While estate planning is not something most people think about often, it should be considered every year - and when any major life changes happen.
A new addition to a family, a marriage, a death in the family, getting a major promotion and big health changes are just a few examples of times when estate plans should be reviewed and changed as necessary.
Neglecting these changes can cost a person's heirs a considerable amount of time and money. Stay on top of these issues to keep plans running smoothly.
Call us 540-712-2199 to learn more about optimizing estate planning.
Five Smart Things You Can Do with Life Insurance Cash Value
Stay put -Let life insurance be life insurance. Your money is growing tax-deferred within the policy. And in the event of your death, an amount much greater than your current cash value will generally pass to your heirs, tax-free.
That's a significant benefit right there, and a compelling reason not just to let your policy grow, but to add more premium to it if you can.
Borrow against the death benefit - You can withdraw accumulated dividends, and then borrow against the rest of it, generally with no tax consequence, as long as you don't completely surrender the policy.
Interest will accrue, but you don't have to repay the loan yourself unless you want to. If you don't pay it back, the insurance carrier will simply subtract the balance due from any death benefit they pay to your beneficiaries.
Cash out the policy altogether - This option lets you get substantially all the cash in your policy. However, you may be subject to capital gains tax to the extent your cash value exceeds the amount you paid in.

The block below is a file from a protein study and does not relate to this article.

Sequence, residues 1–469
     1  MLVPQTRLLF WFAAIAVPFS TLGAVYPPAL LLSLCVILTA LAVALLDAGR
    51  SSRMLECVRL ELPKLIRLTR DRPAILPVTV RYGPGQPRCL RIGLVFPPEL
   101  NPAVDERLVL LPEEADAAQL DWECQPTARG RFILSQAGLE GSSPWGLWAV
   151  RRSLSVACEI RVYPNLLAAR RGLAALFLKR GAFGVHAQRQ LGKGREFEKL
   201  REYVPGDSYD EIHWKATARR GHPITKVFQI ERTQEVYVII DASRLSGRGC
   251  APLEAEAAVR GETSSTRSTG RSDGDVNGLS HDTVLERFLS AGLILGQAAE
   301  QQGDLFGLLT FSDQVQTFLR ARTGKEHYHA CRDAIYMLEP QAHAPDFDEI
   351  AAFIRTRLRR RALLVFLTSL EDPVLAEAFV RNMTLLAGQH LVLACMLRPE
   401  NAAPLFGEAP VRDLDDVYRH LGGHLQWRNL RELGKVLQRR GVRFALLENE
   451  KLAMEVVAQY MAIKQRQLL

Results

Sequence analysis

Exchange for another life insurance policy - If you choose, you can execute a Section 1035 exchange of one life policy for another, tax-free.
You may opt to do this if you find ongoing premiums at a new carrier are lower for some reason, or if you want some specific protections or riders you can't get from your old carrier.
For example, you may be able to exchange a straight-ahead universal or whole life insurance policy for a policy that also provides a benefit in the event you need long-term care insurance.
Exchange for an annuity - You can also exchange a life insurance policy for an annuity, tax-free, under Section 1035.
You might choose to do this if you decide you no longer want the life insurance protection, but you do want regular and reliable income.
For example, if your beneficiaries are grown up and no longer rely on your life insurance death benefit, you may execute a 1035 exchange to a lifetime income annuity - maximizing your income over your expected lifetime, rather than paying a large death benefit.
You can choose a joint and survivor annuity to guarantee income to your spouse as well.
Life insurance is among the most flexible and powerful resources you can have in your portfolio as you grow more established. But to have all of the above options later in life, you must plan ahead now.
Talk to us today. We can help you develop a plan that meets your needs and financial objectives.
New Law Makes Big Changes to Retirement Savings Plans
President Trump has signed landmark legislation that will make the largest changes to the U.S. retirement system in years.
The new Setting Every Community Up for Retirement Enhancement (SECURE) Act makes sweeping changes on rules governing individual retirement accounts and employer-sponsored 401(k) plans. They affect not only people enrolled in 401(k)s and IRAs, but also small firms that want to offer 401(k)s to their staff.
Most of the changes the law ushers in apply to the 2020 tax year and beyond, unless noted below. Here are some of the main changes: